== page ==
Apr 13, 2002 By Ismar Schorsch | Commentary | Lag Ba'omer | Yom Hazikaron-Yom Ha'atzma'ut
The Jewish calendar is more than a catechism of our faith. It is also a synopsis of our history. The biblical festivals of Pesah and Shavuot frame the period of the Omer, which is laden with days of commemoration of events that are all post-biblical, indeed largely set in the twentieth century. We move quickly on an emotional roller coaster from Yom Hashoah five days after the end of Pesah (27 Nisan) to Yom Hazikaron and Yom Haatzma’ut the following week (4 and 5 Iyar) to Lag Baomer thirteen days later (18 Iyar). The linkage between the Holocaust and Israel, embodied in the first three commemoratives, is surely warranted.
May 16, 1998 By Ismar Schorsch | Commentary | Emor | Lag Ba'omer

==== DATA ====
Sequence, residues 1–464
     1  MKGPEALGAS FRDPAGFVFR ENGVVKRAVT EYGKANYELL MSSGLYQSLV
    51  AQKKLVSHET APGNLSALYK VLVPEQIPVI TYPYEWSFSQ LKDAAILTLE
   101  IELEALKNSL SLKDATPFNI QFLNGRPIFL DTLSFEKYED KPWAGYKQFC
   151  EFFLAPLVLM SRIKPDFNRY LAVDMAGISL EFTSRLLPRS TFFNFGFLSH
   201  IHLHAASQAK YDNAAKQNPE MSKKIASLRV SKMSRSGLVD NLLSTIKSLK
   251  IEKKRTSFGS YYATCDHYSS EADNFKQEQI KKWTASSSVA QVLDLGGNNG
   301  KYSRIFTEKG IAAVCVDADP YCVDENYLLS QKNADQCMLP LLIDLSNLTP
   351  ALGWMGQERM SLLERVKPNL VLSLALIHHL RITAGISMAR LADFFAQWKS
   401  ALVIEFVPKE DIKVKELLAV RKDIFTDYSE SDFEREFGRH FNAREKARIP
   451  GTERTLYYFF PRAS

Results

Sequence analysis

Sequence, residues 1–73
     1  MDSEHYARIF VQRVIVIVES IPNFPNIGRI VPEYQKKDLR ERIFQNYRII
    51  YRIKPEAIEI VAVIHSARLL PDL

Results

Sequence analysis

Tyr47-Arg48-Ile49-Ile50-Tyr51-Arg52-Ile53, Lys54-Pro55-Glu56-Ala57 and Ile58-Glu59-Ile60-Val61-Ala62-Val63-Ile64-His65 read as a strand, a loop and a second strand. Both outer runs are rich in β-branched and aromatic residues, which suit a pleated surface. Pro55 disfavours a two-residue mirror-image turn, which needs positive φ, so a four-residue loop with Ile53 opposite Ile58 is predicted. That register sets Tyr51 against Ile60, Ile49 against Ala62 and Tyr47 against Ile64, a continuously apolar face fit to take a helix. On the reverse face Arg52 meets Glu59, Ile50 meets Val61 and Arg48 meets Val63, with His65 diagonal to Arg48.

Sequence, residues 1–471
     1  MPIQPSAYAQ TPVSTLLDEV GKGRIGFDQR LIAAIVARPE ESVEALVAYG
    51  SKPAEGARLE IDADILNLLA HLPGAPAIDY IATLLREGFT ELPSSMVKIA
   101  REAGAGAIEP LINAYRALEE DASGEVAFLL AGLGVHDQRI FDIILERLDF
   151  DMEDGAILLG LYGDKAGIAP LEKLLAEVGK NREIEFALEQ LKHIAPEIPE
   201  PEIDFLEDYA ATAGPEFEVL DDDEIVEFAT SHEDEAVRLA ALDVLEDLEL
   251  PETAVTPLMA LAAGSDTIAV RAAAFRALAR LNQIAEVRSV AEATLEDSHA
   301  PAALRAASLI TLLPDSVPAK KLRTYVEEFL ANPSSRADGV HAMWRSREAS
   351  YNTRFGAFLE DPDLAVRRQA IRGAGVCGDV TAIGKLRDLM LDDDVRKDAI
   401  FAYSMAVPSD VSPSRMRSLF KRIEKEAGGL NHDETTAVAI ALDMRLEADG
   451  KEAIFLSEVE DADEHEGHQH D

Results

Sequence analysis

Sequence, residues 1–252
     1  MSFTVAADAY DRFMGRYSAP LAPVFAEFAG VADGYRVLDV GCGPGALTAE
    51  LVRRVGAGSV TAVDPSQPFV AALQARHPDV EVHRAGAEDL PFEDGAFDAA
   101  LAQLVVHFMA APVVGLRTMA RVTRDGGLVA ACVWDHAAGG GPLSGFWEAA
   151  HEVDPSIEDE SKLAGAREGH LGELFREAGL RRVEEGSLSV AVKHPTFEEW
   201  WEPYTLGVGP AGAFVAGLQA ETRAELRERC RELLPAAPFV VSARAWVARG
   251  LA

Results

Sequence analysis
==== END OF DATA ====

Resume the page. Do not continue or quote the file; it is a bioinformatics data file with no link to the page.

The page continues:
Jews mark the period between the festivals of Passover and Shavuot by the counting of the omer. For a period of 49 days, beginning on 16 Nisan, for us in the diaspora the night of the second Seder, we count each day at the evening service (the start of a new day in the Jewish calendar) in terms of the days and weeks that have passed. This brief ceremony opens with the verse in this week’s parasha that sets forth the prescription: “And from the day on which you bring the sheaf of elevation – the day after the sabbath – you shall count off seven weeks. They must be complete: you must count until the day after the seventh week – fifty days (Leviticus 23:15–16).”Read More